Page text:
Looking at the shoulder straps themselves, one notices that they are nicely padded on the inside. The sternum strap has its own strap keeper, and it can be adjusted up and down for comfort. Up toward the top of the shoulder straps there are D rings for attaching additional items to your pack, as well as load lifter straps to pull the load in towards your back and, again, the strap here has strap keepers, which is nice. You may find a thing missing on the shoulder straps, and that’s a quick release buckle. There’s only an adjustment buckle for fit, but not a release one. This detail aside, overall the pack comes with a very nice carrying system.

The side pockets. This is where the Halftrack lets you get creative about packing your gear. halftrack-side-pocketIn between the main body and the side pouches there is actually a side pocket on each side that runs the full depth of the pack. My arm fits in there to the elbow. At the top of these pockets there is a hook for the hydration bladder. My Nalgene bottle fits in there fine. These pockets do steal space from the outside pouches, but are also good for storing long items – you can put your trekking poles there, a bottle or two, a fishing rod, an axe, a collapsible saw, or even a small rifle. These long items would normally be strapped to the back of your pack.

The outside pouch is roughly 4″ x 7″ x 21″. It has 4 rows of PALS webbing, a water bottle pouch down at the bottom, and a compression strap with its own strap keeper. I found that the water bottle pouches weren’t deep enough and the bottle kept falling off. So you need to find a way to attach the bottle to the webbing that’s next to it. Back to the side pouch, it has a nice lid that covers the entrance well, and another hook for a 3 liter hydration bladder. You can have up to 4 hydration bladders in this pack, which is good in lands with little water, although the pack would get rather heavy. But this is a very accommodating pouch, a lot of stuff could get crowded in on either side of the bag. On the bottom front corner of the side pockets, there is a drainage hole that perforates both the bigger pocket and the water bottle pocket to let water run out in case it gets in.

The main body. As I mentioned earlier, this is a front-loading or panel-loading pack, so you will not receive the same stuff factor that you might from a top-loading pack, so organizing your halftrack-main-panel-open2belongings becomes very critical. As we open the pack, you can see the nice silky internal lining. On the flap lid there’s 8 rows of PALS webbing. There is a shelf in roughly the middle of the space that is sustained by some Velcro tabs. You can keep the shelf down, or put it up to divide your gear.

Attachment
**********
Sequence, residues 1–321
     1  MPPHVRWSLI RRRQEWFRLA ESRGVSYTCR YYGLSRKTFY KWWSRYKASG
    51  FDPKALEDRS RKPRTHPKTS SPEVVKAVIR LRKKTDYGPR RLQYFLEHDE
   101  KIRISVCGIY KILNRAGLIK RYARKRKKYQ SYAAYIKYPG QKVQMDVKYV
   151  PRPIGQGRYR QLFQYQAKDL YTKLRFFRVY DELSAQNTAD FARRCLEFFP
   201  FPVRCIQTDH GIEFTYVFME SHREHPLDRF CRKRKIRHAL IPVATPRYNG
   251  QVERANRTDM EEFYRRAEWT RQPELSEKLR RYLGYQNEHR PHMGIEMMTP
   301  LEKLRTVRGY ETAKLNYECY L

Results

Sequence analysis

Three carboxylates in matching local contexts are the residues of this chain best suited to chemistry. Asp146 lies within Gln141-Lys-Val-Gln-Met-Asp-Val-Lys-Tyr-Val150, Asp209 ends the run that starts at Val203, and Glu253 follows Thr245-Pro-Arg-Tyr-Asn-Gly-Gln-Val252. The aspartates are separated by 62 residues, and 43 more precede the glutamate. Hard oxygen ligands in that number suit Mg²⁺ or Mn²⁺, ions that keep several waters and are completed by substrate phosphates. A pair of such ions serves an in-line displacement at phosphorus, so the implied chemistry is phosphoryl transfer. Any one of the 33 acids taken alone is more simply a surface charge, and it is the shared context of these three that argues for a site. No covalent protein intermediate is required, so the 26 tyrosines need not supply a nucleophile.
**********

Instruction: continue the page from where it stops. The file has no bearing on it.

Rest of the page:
Inside the bag, on the bottom, there are two divider pockets at the back of the pack, as well as two rows of PALS webbing. There is also a pocket on each side, and also more webbing. When you lower the shelf, it will cover the two pockets and the PALS webbing at the back. Moving up the sides of the bag, there are three more little storage pockets to keep your gear organized on each side. Then, on the back, there is a little mesh contraption, originally designed to hold a military radio, and there are two ports on either side to allow the antenna to protrude out, as well as two more pockets in the back. A use people give to this mesh divider, is to hold a small 1 liter water bladder in it and run the tube out through the antenna ports.

I should also mention, as it may help some of you, that the dimensions of this inside compartment are 21″ tall by 11″ wide by 7″ deep.

Carrying a rifle or bow. While the Halftrack doesn’t come with a weapon carrying system, Eberlestock makes available a bow or rifle bucket system that can be mounted on all their backpacks that have PALS webbing, which means pretty much all of Eberlestock’s packs. It should also work on any pack that has webbing. The system is called the ARCG ButtBucket Kit, and costs around $35. It allows you to take the weapon off your back without first removing your backpack. For full instructions on how to install it, check here.


Halftrack with bow/rifle bucket

That concludes my review of the bag. Here are my impressions after owning it for over a year. I usually carry around 25 pounds of gear in my Halftrack during my hikes, and it carries very well. There are some things are like, and some oddities. First, the top compartment lacked admin organization. The water bottle pouches seemed like an afterthought and are not really functional for me. And there are no straps on the bottom of the pack to let me attach a sleeping bag and other gear.

But overall, I have a positive impression of the pack. It is definitely larger in terms of volume than what is listed on the manufacturer’s website. The main compartment has tons of organization for small items. And the side pockets give you lots of flexibility for odd-sized items. So I like this pack, as it serves the purpose that I wanted it for. Hopefully this review helps those of you who are looking for a larger get-home bag or a bug-out bag.